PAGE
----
The Red and the White
A Family Saga of the American West
A Liveright book
Winner of the Labriola Center American Indian National Book Award.
One of the American West’s bloodiest—and least-known—massacres is searingly re-created in this generation-spanning history of native-white intermarriage.
National Book Award–winning histories such as The Hemingses of Monticello and Slaves in the Family have raised our awareness about America’s intimately mixed black and white past. Award-winning western historian Andrew R. Graybill now sheds light on the overlooked interracial Native-white relationships critical in the development of the trans-Mississippi West in this multigenerational saga. Beginning in 1844 with the marriage of Montana fur trader Malcolm Clarke and his Piegan Blackfeet bride, Coth-co-co-na, Graybill traces the family from the mid-nineteenth century, when such mixed marriages proliferated, to the first half of the twentieth, when Clarke ’s children and grandchildren often encountered virulent prejudice. At the center of Graybill’s history is the virtually unexamined 1870 Marias Massacre, on a par with the more infamous slaughters at Sand Creek and Wounded Knee, an episode set in motion by the murder of Malcolm Clarke and in which Clarke ’s two sons rode with the Second U.S. Cavalry to kill their own blood relatives.
- October 2013
- 6.5 × 9.6 in
/ 368 pages
- Sales Territory: Worldwide
Endorsements & Reviews
“With meticulous research and a keen eye for the grand sweep of time and space in the West, Andrew Graybill tells the story of a forgotten massacre that blows apart stereotypes of the nineteenth-century frontier. He brings to life a remarkable family that lived at the intersection of worlds, where the fur trade and intermarriage blurred the distinction between American Indians and white Americans. In this clan's corner of Montana, personal conflicts met national policy and mass migration in an explosion of violence and political recriminations.” — T.J. Stiles, author of The First Tycoon: The Epic Life of Cornelius Vanderbilt, winner of the Pulitzer Prize, and Jesse James: Last Rebel of the Civil War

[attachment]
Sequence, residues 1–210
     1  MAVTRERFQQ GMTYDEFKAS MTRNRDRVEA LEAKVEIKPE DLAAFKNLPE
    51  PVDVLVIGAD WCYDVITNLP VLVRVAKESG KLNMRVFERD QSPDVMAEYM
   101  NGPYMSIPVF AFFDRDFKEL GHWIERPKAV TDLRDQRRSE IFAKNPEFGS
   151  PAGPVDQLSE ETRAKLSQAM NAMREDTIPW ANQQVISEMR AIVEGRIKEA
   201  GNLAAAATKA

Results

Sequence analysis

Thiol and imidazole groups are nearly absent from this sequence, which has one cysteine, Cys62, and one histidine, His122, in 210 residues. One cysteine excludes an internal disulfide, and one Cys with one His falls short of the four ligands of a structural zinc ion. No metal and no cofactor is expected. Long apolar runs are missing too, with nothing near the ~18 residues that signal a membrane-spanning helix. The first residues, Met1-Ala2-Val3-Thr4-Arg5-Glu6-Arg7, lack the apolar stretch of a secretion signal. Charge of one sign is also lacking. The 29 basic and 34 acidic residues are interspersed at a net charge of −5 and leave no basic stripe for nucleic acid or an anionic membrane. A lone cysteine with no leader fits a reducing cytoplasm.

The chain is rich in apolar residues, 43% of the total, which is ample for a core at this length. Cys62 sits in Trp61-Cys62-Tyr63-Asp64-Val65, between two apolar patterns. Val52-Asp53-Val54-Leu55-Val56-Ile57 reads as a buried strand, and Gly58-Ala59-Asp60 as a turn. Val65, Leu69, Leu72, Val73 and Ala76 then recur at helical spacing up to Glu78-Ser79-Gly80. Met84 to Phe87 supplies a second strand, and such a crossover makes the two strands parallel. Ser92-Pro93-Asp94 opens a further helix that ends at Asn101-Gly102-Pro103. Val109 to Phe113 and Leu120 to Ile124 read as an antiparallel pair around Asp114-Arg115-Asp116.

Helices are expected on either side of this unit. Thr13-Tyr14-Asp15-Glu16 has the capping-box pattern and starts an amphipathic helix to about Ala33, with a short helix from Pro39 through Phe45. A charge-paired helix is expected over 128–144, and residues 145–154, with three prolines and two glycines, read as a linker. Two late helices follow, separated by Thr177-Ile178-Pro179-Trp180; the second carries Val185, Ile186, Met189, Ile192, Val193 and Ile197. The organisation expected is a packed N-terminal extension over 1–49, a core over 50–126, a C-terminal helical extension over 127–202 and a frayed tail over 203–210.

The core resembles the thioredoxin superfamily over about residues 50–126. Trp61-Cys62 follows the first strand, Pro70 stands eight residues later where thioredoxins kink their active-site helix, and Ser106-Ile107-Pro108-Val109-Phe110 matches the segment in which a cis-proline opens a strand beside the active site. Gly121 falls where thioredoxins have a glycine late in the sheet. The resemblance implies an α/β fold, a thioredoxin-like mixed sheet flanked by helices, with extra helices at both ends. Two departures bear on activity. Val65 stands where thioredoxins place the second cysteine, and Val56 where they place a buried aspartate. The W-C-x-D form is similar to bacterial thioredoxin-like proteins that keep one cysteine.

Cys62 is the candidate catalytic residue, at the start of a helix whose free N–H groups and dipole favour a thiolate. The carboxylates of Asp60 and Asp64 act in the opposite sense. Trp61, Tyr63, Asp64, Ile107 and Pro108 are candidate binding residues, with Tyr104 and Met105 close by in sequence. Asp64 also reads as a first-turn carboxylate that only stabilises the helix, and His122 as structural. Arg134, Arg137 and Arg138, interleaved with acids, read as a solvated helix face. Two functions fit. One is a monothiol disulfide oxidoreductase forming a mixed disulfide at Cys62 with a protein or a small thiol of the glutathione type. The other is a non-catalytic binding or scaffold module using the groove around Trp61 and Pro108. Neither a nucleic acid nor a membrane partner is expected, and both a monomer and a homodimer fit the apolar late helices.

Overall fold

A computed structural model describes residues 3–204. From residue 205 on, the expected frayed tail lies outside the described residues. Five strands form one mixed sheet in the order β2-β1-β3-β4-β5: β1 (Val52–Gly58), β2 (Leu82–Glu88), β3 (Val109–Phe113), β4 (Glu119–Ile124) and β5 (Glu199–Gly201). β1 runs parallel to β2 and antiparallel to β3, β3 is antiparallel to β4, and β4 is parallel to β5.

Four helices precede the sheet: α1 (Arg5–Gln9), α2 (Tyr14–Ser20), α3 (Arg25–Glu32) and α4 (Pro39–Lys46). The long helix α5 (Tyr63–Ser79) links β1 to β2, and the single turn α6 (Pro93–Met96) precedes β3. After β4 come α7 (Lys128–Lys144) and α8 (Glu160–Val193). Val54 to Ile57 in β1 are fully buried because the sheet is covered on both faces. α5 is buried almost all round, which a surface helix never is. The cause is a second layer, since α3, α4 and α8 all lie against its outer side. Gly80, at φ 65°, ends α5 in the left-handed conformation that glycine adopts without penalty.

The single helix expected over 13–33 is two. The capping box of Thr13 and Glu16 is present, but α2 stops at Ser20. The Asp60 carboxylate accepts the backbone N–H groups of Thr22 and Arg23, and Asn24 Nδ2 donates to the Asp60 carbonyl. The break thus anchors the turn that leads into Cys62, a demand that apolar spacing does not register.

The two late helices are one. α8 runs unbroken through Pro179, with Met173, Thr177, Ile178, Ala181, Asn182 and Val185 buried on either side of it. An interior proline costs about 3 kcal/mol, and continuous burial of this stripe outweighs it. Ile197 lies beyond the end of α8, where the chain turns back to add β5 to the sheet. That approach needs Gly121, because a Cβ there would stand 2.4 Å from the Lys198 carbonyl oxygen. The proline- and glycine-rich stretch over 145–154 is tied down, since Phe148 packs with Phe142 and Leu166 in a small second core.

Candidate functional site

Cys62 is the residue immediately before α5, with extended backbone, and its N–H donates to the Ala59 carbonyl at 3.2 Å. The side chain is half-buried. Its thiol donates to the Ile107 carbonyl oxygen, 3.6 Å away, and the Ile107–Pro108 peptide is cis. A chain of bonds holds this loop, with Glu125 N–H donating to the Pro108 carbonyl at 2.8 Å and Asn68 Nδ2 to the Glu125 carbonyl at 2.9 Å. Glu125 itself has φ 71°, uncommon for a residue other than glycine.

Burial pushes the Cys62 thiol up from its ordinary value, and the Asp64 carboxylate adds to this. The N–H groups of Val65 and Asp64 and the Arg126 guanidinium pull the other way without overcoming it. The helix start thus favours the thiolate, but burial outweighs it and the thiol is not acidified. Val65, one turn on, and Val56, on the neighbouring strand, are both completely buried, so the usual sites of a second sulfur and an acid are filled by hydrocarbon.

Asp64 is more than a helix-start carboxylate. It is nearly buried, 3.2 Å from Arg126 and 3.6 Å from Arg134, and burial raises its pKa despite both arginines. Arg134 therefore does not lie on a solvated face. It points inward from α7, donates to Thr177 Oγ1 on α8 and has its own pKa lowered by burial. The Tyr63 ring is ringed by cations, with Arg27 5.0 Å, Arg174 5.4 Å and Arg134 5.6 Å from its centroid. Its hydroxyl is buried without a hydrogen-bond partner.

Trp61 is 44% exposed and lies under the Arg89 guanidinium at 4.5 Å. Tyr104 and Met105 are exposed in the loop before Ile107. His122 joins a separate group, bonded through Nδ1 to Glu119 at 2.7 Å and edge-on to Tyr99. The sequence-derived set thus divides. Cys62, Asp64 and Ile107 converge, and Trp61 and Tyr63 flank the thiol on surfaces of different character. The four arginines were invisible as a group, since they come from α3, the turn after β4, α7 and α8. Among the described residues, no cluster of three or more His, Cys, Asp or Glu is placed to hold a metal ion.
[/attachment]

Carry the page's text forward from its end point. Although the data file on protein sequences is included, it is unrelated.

“A touching portrait of race relations on the frontier… Graybill uncovers a forgotten history culminating in the Marias Massacre, an epochal event for the Blackfeet but so obscure today that no marker commemorates its location. Evocative details and a close attention to the arc of its subjects’ lives lend Graybill’s narrative emotional heft… An entertaining and insightful exposition of an unjustly ignored facet of the American social fabric.” — Kirkus Reviews
“[The Clarke family’s] experiences provide fascinating insights into race relations on the evolving frontier…. Graybill’s book is highly recommended for all readers interested in the 19-century West.” — Library Journal
“[Graybill’s] story of how one family walked “in two worlds—one red, the other white”—is, in the end, fascinating and often moving.” — Robert B. Mitchell, The Washington Post
“The Red and the White…transforms a tragic, 19th-century story of heartbreak and revenge on the Rocky Mountain frontier, into a dynamic, multi-generational history that connects the American entrada into the Rockies with the Lewis and Clark expedition up to the white-Indian relations in present-day Montana. …Graybill’s saga is Shakespearean in its tragedy and Biblical in its parable of how the Indian tribes have endured a diaspora of such magnitude… [The] Clarke family chose a purposeful, meaningful life, offering up, for all of us, a shining example of the power and strength of the human spirit.” — Stuart Rosebrook, True West
“Graybill…has written a gripping Western saga. But more, he has plumbed the depth of racial and generational conflict by means of previously unexamined archival material and interviews with descendants on both sides…. Western history buffs and general readers alike cannot fail to profit from a careful reading of its pages—dramatic, heartbreaking.” — The Wichita Eagle
“As an account, Graybill’s book could not be bettered… The Red and the White—complete with a Clarke family tree, maps, extensive notes, an up-to-date bibliography and a helpful index—constitutes an engrossing and important contribution to our understanding of the very mixed and complex past of the American West.” — Mick Gidley, Times Literary Supplement